Irish surfer Easkey Britton has something to say about caring about our seas in the Canary Islands and beyond.
"Something that is not loved cannot be cared for." These are the words of Irish surfer and ocean health activist Easkey Britton, co-founder of the NGO Waves of Freedom, which uses the power of surfing as a means for social change, and spearheads the first global Surf for Social Good Summit in Bali (Indonesia). "My activist side is mainly focused on reconnection, on reconnecting people with the ocean, because most people live with the thought that it doesn't exist," Britton explained in a conference as part of the Fixing the Future conference, which took place at the Centro de Cultura Contemporània de Barcelona (CCCB) [Contemporary Culture Center of Barcelona]. "Only when you have a deep connection to a place will you feel the responsibility to act: it is precisely the lack of connections between people and nature that is the root cause of the environmental crisis." Global Surf for Social Good Summit in Bali (Indonesia). "My activist side is mostly focused on reconnection, reconnecting people to the ocean.
These are the concepts that summarize, broadly speaking, the philosophy of this tenacious and brave woman, who has traveled half the world by surfing – including the Canary Islands – and is now dedicated to promoting, through activism, the need to protect an environment that has given her so much joy. An environment, the ocean, which nevertheless currently hosts more than 8 million tons of plastic, a figure that, if not reversed, will lead to a scenario that may be irreversible by 2050: the sea will contain the same volume of plastics as it does fish. It was precisely these data, in addition to those related to overfishing and the rapid disappearance of marine species, that led Britton to hunker down to work on the task of educating the population to "recover the spiritual connection with the oceans," something that in places like the Canary Islands, with almost 30,000 km2 of sea compared to 7,000 km2 of land, is especially necessary.
Winner of the Irish National Surfing Championship for five consecutive years, Britton was the first Irish woman to be nominated for the Billabong XXL Awards for being the first to successfully surf Mullaghmore, Ireland's biggest surfing spot with gigantic waves, popular with the pros. Also known for being one of the first women to surf the great Aill na Serrach wave at the Cliffs of Moher in 2007, she has always stood out for her activism in environmental and gender issues, which she has combined with an impeccable sports career at the highest level. She is currently collaborating with SOPHIE (Seas, Ocean & Public Health in Europe), a research program that aims to protect the oceans and enhance their health benefits. "You're not a drop in the ocean, you're the ocean in a drop," Britton points out, referring to "that unparalleled feeling of being isolated, connected to the environment, alive... in short, of feeling like ourselves, which you can only get in the ocean."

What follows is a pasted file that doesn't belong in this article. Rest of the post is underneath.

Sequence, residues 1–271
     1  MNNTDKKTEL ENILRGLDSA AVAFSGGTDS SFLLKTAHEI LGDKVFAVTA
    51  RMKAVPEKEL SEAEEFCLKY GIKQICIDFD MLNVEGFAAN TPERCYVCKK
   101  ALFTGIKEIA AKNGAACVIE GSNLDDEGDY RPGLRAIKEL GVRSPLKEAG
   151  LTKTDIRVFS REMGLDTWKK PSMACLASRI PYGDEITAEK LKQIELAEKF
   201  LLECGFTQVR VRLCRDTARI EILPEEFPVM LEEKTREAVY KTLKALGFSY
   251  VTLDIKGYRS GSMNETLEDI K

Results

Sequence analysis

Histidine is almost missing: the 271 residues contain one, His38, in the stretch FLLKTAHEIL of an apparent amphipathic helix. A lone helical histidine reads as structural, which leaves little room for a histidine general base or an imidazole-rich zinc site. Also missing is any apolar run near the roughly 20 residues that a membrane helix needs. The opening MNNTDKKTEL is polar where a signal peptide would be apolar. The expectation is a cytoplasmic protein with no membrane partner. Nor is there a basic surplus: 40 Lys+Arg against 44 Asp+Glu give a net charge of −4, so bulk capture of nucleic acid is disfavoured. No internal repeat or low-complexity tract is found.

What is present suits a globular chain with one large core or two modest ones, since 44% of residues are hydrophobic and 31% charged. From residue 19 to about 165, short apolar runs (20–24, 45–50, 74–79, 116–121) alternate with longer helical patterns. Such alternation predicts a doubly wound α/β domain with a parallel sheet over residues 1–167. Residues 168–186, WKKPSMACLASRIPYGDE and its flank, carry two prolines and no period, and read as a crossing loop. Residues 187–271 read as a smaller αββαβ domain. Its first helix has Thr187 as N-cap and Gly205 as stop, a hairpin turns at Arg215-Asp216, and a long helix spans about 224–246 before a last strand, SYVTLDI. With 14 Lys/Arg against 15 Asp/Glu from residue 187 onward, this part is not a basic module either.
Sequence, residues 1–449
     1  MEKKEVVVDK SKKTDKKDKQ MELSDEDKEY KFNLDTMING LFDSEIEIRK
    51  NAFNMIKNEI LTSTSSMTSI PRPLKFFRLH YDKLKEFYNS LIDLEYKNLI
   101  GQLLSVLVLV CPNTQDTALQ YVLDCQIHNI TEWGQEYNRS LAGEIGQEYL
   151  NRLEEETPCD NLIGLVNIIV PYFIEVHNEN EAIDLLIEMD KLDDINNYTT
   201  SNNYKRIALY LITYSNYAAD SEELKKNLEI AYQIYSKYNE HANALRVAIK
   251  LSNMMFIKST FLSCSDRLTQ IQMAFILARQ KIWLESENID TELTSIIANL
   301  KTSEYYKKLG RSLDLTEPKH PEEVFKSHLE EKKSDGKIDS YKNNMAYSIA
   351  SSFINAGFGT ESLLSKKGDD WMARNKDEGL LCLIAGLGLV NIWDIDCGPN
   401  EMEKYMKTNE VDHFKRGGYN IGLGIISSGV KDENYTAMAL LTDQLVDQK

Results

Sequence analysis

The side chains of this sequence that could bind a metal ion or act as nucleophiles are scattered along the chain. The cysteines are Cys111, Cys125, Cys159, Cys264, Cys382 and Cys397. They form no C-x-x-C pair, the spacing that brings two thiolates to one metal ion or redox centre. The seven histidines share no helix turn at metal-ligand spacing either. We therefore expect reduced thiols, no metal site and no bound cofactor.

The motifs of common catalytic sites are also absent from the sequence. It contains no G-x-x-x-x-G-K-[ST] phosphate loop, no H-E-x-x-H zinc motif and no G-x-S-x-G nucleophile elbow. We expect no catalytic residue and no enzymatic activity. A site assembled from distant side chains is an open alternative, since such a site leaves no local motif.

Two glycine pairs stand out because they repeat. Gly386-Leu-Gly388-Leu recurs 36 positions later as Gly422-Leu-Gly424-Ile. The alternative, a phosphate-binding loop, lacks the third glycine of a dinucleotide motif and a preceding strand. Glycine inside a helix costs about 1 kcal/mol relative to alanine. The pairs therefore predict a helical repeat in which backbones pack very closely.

"Beyond awareness campaigns and environmental education, spiritual work regarding the ocean is necessary: to stop living with our backs turned to it, and feeling it as something that belongs to us is the only way we will be born to take care of it."
The sister of longboarder Becky-Finn Britton, the surfer is aware of being a woman in a man's world, and always remembers that "the ocean never discriminates, it's people who do." This vocation led her, among other things, to lead a project in Iran in 2010 with director and cameraman Marion Poizeau, Iranian surfer Mona and diver Shalha, to introduce surfing in Iran and denounce the compulsory wearing of the hijab on the beaches. Recalling that experience, Britton states that "the ocean is purity, honesty. It is tough and fierce, yes, but always honest." It is, therefore, feminist, "it never separates us, but quite the opposite: the ocean connects us," Britton concludes.
"Beyond awareness campaigns and environmental education, spiritual work regarding the ocean is necessary: to stop living with our backs turned to it, and feeling it as something that belongs to us is the only way we will be born to take care of it," says the surfer, who invites the population to make small gestures such as "spending a few minutes to remember those feelings we had upon contact with the water: how the sea relaxes us, reduces the heart rate and sends us to a multisensory environment leading us to a connection that goes beyond the physical." In addition, Britton urges users to make small gestures to gradually change their relationship with the oceans. "When we reach the beach, spending just a couple of minutes looking at the clouds and concentrating on the air we breathe, as well as cleaning the sand around us: these are the small details that can change the world."